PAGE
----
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Volume 2, issue 2 | Copyright

Special issue: Soil science in a changing world: contributions of soil science...

SOIL, 2, 111-128, 2016
https://doi.org/10.5194/soil-2-111-2016
© Author(s) 2016. This work is distributed under
the Creative Commons Attribution 3.0 License.

Forum article 07 Apr 2016

Forum article | 07 Apr 2016

The significance of soils and soil science towards realization of the United Nations Sustainable Development Goals

Saskia D. Keesstra1, Johan Bouma15,a, Jakob Wallinga2, Pablo Tittonell3, Pete Smith4, Artemi Cerdà5, Luca Montanarella6, John N. Quinton7, Yakov Pachepsky8, Wim H. van der Putten9,10, Richard D. Bardgett11, Simon Moolenaar12, Gerben Mol13, Boris Jansen14, and Louise O. Fresco15 Saskia D. Keesstra et al.
  • 1Soil Physics and Land Management Group, Wageningen University, Wageningen, the Netherlands
  • 2Soil Geography and Landscape Group, Wageningen University, Wageningen, the Netherlands
  • 3Natural Resources and Environment Program, Instituto Nacional de Tecnología Agropecuaria (INTA), Bariloche, Argentina
  • 4University of Aberdeen, Institute of Biological and Environmental Sciences, Aberdeen, UK
  • 5Departament de Geografia, Universitat de València, Blasco Ibàñez, 28, 46010 Valencia, Spain
  • 6European Commission, Joint Research Centre, Ispra, Italy
  • 7Lancaster University, Lancaster Environment Centre, Lancaster, UK
  • 8USDA-ARS, Environmental Microbial and Food Safety Laboratory, Beltsville Agricultural Research Center, Beltsville, MD, USA
  • 9Department of Terrestrial Ecology, Netherlands Institute of Ecology NIOO-KNAW, Droevendaalsesteeg 10, 6708 Wageningen, the Netherlands
  • 10Department of Nematology, Wageningen University, Droevendaalsesteeg 1, 6708 PB, 6708 Wageningen, the Netherlands
  • 11Faculty of Life Sciences, University of Manchester, Oxford Road, Manchester M13 9PT, UK
  • 12Commonland, Department of Science & Education, Amsterdam, the Netherlands
  • 13Alterra, Wageningen University and Research Centre, Wageningen, the Netherlands
  • 14Institute for Biodiversity and Ecosystem Dynamics (IBED), University of Amsterdam, P.O. Box 94240, 1090 GE Amsterdam, the Netherlands
  • 15Wageningen University and Research Centre, Wageningen, the Netherlands
  • aformaly at: Soils Department, Wageningen University, Wageningen, the Netherlands

Abstract. In this forum paper we discuss how soil scientists can help to reach the recently adopted UN Sustainable Development Goals (SDGs) in the most effective manner. Soil science, as a land-related discipline, has important links to several of the SDGs, which are demonstrated through the functions of soils and the ecosystem services that are linked to those functions (see graphical abstract in the Supplement). We explore and discuss how soil scientists can rise to the challenge both internally, in terms of our procedures and practices, and externally, in terms of our relations with colleague scientists in other disciplines, diverse groups of stakeholders and the policy arena. To meet these goals we recommend the following steps to be taken by the soil science community as a whole: (i) embrace the UN SDGs, as they provide a platform that allows soil science to demonstrate its relevance for realizing a sustainable society by 2030; (ii) show the specific value of soil science: research should explicitly show how using modern soil information can improve the results of inter- and transdisciplinary studies on SDGs related to food security, water scarcity, climate change, biodiversity loss and health threats; (iii) take leadership in overarching system analysis of ecosystems, as soils and soil scientists have an integrated nature and this places soil scientists in a unique position; (iii) raise awareness of soil organic matter as a key attribute of soils to illustrate its importance for soil functions and ecosystem services; (iv) improve the transfer of knowledge through knowledge brokers with a soil background; (v) start at the basis: educational programmes are needed at all levels, starting in primary schools, and emphasizing practical, down-to-earth examples; (vi) facilitate communication with the policy arena by framing research in terms that resonate with politicians in terms of the policy cycle or by considering drivers, pressures and responses affecting impacts of land use change; and finally (vii) all this is only possible if researchers, with soil scientists in the front lines, look over the hedge towards other disciplines, to the world at large and to the policy arena, reaching over to listen first, as a basis for genuine collaboration.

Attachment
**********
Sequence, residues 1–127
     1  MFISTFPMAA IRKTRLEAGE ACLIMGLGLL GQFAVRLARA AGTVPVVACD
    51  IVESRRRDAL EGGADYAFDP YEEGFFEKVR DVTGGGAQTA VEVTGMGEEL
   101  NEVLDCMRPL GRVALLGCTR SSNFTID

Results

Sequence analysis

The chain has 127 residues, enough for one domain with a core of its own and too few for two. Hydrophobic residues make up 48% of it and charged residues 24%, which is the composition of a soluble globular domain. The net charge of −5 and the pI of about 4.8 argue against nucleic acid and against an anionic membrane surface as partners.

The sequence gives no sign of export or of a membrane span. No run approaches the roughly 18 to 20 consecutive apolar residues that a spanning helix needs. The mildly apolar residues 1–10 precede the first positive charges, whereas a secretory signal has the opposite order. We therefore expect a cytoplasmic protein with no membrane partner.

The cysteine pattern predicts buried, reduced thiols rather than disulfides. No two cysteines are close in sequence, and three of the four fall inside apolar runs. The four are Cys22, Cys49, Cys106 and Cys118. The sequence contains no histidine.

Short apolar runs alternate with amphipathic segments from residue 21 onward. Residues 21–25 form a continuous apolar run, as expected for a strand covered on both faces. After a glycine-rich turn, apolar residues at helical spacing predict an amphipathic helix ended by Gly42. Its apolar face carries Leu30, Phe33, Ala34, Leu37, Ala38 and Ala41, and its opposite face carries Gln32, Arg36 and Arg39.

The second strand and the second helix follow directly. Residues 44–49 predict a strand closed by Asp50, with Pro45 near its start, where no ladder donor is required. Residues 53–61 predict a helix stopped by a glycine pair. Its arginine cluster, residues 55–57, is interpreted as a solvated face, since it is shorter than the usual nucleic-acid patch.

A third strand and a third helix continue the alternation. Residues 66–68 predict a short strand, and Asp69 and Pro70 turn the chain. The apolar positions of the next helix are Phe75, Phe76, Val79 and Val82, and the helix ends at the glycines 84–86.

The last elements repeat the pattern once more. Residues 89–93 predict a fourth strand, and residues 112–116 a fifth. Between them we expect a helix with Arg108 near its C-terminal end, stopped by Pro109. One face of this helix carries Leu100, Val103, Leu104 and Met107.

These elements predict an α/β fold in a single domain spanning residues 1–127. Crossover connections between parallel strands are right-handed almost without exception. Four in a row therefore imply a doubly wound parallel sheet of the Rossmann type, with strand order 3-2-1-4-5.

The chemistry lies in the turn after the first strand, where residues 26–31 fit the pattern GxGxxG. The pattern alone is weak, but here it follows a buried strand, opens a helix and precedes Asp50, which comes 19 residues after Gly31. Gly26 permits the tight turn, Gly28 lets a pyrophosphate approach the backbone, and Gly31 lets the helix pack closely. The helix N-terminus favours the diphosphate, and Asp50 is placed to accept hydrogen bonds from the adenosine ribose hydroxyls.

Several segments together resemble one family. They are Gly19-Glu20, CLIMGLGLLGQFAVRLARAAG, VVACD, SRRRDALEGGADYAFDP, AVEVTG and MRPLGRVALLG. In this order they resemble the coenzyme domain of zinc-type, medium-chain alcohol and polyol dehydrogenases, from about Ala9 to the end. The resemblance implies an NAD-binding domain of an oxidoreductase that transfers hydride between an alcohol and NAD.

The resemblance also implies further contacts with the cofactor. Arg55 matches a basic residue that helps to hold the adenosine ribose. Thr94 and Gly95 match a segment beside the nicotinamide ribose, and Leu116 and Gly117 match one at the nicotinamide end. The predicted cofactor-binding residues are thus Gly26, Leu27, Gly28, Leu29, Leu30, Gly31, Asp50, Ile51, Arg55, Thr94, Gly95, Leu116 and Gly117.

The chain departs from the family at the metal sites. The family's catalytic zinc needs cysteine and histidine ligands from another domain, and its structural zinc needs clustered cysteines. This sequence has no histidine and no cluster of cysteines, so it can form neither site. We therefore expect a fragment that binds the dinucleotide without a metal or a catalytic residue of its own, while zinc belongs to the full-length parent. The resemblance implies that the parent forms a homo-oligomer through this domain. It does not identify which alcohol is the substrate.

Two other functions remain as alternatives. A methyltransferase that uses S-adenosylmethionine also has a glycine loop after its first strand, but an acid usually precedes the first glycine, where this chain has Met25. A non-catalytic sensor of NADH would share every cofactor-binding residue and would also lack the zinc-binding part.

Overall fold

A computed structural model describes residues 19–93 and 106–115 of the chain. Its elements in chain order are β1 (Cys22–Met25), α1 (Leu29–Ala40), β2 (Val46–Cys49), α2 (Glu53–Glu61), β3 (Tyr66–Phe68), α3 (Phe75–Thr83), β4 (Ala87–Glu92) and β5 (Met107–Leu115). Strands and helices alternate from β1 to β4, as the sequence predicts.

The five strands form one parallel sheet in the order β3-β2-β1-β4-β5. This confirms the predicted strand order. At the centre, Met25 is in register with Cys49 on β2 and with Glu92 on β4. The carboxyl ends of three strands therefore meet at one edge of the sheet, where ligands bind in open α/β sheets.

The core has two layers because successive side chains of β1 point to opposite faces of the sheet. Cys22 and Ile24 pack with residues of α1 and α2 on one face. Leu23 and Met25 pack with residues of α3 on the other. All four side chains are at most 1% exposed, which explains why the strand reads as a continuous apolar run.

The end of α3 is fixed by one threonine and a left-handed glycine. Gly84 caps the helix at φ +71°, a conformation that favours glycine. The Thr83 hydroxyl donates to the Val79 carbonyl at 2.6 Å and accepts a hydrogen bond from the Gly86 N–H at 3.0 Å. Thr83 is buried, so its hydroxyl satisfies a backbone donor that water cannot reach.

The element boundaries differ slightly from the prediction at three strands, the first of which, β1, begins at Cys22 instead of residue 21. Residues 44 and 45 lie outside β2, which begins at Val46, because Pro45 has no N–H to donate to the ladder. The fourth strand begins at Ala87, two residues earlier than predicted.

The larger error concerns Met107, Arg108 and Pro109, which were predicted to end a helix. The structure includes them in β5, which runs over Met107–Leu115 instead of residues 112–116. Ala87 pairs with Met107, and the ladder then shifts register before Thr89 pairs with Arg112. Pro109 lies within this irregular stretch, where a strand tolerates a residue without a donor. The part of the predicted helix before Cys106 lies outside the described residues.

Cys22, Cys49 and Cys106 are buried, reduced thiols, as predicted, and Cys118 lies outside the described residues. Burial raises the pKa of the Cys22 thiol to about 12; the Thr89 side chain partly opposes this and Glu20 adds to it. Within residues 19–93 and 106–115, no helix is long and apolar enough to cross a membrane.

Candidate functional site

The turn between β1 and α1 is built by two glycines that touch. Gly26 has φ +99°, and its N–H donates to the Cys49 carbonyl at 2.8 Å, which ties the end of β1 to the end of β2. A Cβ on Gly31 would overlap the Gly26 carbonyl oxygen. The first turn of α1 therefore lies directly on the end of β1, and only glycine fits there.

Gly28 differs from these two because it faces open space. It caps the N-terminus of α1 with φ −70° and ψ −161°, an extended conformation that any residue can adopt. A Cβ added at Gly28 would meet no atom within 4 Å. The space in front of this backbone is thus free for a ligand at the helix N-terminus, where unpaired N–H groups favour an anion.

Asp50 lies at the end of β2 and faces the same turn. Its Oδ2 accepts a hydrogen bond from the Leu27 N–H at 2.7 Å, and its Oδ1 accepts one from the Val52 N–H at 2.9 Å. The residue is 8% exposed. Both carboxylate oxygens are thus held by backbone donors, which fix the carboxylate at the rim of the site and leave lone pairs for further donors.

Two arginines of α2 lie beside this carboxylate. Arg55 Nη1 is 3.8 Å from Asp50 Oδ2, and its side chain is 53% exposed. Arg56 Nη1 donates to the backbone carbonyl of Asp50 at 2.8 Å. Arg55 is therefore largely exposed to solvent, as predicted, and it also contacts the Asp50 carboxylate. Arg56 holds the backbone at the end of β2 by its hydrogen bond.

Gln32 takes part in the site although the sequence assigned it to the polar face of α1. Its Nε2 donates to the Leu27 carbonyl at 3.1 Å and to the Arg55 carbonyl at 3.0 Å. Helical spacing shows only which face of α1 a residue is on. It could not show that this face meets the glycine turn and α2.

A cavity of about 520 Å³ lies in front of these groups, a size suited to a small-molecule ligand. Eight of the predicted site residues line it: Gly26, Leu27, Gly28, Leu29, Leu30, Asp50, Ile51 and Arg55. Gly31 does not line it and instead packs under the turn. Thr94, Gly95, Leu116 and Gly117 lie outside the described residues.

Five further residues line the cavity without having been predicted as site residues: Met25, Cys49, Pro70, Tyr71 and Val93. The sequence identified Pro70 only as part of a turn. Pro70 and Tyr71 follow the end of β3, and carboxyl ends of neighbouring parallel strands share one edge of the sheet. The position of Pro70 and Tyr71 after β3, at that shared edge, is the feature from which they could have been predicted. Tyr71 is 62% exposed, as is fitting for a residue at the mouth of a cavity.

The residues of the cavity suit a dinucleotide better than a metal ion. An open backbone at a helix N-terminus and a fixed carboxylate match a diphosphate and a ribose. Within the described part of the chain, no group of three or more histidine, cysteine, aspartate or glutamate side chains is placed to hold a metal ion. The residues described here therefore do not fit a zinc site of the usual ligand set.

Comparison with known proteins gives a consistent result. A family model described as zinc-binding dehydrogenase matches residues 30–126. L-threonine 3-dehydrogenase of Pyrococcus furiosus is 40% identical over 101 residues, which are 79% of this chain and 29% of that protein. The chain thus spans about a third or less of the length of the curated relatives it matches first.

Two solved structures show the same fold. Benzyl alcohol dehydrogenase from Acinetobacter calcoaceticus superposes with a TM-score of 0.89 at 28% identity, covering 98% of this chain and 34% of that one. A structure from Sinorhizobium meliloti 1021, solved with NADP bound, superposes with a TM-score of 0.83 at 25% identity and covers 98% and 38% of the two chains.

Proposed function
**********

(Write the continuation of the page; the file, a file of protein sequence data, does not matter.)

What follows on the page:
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Soil science, as a land-related discipline, has links to several of the UN Sustainable Development Goals which are demonstrated through the functions of soils and related ecosystem services. We discuss how soil scientists can rise to the challenge both internally and externally in terms of our relations with colleagues in other disciplines, diverse groups of stakeholders and the policy arena. To meet these goals we recommend the set of steps to be taken by the soil science community as a whole.
Soil science, as a land-related discipline, has links to several of the UN Sustainable...
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